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Five steps to choosing a charity

By Nicole Paitsel
Daily Press (Newport News, Va.)

This is a prime time for charitable organizations to get recognized and raise money. For some nonprofits, the last three months of the year fund the entire organization, says Lindsay Nichols, a spokeswoman for GuideStar.org, a Williamsburg, Va.-based source of national nonprofit information.

But many charities are still struggling. Giving has declined by 10 percent since 2005, after adjusting for inflation, according to a report by the National Center for Charitable Statistics. Although donations increased slightly from 2010 to 2011, there is a lot of ground to make up.

Nichols gives five steps to consider before choosing a charity.

1. Clarify your values. There are more than 2 million nonprofit organizations nationwide, Nichols says.

“Take a few minutes and really think about what you want to support,” she says. A nonprofit’s mission statement should be clear, and it should speak to you.

If you cannot find a mission statement on the organization’s website or at nonprofit information website like GuideStar.org – that is a clear red flag.

2. Verify legitimacy. In 2006, nonprofits became legally bound to file an IRS Form 990 for three consecutive years to maintain their tax-exempt status.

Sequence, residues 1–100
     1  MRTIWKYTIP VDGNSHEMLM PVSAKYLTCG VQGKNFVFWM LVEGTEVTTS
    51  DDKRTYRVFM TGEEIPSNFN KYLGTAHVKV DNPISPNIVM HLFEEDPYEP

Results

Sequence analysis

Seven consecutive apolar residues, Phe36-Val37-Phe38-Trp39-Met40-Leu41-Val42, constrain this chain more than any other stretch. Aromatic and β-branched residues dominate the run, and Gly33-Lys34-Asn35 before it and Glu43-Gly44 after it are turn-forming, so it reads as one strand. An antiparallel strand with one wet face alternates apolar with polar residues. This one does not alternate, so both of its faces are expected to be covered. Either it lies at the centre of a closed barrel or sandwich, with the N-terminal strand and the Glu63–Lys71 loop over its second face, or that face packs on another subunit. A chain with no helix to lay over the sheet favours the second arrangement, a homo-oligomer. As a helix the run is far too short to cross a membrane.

The websites GuideStar.org and CharityNavigator.org also track IRS documentation and independently verify compliance.

3. Do a little research. After finding a clear mission statement, look for information on programs that detail how the mission statement is achieved.

“The programs GuideStar.org should tell you how that one acre of land is going to be saved,” Nichols says.

It is also a good sign when nonprofits present specific, measurable goals and concrete criteria for describing successes. The annual report, which often can be found on the organization’s website, and any stakeholder reviews will give you a good idea of how the nonprofit works and how successful it is.

4. Trust your instincts. If you ever feel pressured to give, that is a red flag. “It’s really a problem if you have said ‘no’ and the nonprofit keeps asking,” Nichols says. “The bottom line is, if you’re still having doubts about the organization, don’t give.”

5. Holiday programs. Some retailers have announced their holiday charitable programs for the year. Toys R Us, for example, will donate $200 in toys to Toys for Tots for every person who pays off a layaway account for someone in their community.

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